Meta is shutting down Novi, its short-lived cryptocurrency digital wallet. In a notice spotted the company announced it would sunset the platform on September 1st, with July 20th being the final day to add funds. Meta advised users to withdraw their balance “as soon as possible,” noting it would “attempt to transfer” any remaining money to customer bank accounts and debit cards after Novi’s final day of operation.
For the time being, the shutdown effectively marks the end of Meta’s cryptocurrency ambitions.
The company began a small plot of Novi last October. The wallet launched without support for Diem – Meta’s in-house cryptocurrency, which was previously known as Libra. One month later, David Marcus, the company’s crypto chief, left Meta. At the start of 2022, the Diem Association announced it was selling its assets and “winding down” operations.
“We are already leveraging the years spent on building capabilities for Meta overall on blockchain and introducing new products, such as digital collectibles,” Meta said in the statement. “You can expect to see more from us in the web3 space because we are very optimistic about the value these technologies can bring to people and businesses in the metaverse.”
When he testified before Congress in 2019, Zuckerberg tried to lay to rest any concerns
Meta launched the Novi pilot in October of last year amid scaled-back ambitions to dominate the crypto remittances space. Instead of a new Diem token Meta once backed, Novi ended up using Paxos Trust Co.’s USDP stablecoin to allow wallet users from parts of the U.S. and Guatemala to conduct transactions. Coinbase Global Inc. was safeguarding the funds.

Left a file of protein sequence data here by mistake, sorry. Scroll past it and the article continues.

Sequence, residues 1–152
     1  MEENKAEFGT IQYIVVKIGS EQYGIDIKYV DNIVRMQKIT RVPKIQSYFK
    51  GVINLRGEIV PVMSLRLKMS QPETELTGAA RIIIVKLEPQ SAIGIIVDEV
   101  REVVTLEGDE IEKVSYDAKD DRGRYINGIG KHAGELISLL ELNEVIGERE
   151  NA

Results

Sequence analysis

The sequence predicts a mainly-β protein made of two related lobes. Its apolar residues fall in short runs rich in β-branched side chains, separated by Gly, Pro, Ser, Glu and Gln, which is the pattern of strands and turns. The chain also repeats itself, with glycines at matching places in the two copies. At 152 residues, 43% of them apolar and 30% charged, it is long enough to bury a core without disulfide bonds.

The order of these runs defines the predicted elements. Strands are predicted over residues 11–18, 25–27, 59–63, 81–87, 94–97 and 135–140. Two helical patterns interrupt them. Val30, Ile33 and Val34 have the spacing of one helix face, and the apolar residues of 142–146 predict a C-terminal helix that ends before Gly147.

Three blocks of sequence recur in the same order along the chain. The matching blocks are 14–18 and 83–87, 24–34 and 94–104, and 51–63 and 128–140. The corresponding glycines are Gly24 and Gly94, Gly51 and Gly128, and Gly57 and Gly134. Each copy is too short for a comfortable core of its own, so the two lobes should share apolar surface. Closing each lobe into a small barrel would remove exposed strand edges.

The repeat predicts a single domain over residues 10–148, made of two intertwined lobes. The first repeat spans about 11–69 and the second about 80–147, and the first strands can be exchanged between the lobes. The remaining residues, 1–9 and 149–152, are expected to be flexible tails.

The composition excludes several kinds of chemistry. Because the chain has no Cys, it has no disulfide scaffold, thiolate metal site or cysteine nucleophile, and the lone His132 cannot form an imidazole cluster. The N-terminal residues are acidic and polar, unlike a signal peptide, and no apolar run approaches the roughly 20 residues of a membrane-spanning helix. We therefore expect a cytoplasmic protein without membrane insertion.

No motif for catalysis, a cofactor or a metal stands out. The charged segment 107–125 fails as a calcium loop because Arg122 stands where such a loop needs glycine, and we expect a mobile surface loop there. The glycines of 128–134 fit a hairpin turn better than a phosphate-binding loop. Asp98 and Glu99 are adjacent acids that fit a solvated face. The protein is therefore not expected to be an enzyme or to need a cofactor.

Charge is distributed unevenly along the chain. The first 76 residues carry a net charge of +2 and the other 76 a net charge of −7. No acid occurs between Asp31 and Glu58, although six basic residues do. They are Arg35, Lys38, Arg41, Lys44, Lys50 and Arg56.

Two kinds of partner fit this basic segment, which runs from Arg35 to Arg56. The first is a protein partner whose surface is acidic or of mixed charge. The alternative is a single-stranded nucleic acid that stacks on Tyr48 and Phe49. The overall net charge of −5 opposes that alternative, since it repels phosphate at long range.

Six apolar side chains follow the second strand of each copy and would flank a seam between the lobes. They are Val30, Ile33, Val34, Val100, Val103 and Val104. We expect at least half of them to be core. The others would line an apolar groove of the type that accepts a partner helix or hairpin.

When he testified before Congress in 2019, Zuckerberg tried to lay to rest any concerns that his company would support launching Diem — then called Libra — without regulatory approval.
Meta has already started testing NFTs (non-fungible tokens) on Instagram and recently rolled out support for NFTs on Facebook for select creators based in the US. The company is also reportedly working on a digital currency, called “Zuck Bucks,” that’s not based on the blockchain.
Last month, Meta CEO Mark Zuckerberg also hinted at creating a digital wallet that could help you manage and store “digital clothing, art, videos, music, experiences, virtual events, and more.” The wallet would be interoperable across different metaverse experiences, reflecting the goals of the Metaverse Standards Forum that Meta and a group of other companies helped form, which calls for industry-wide standards across virtual reality and augmented reality experiences.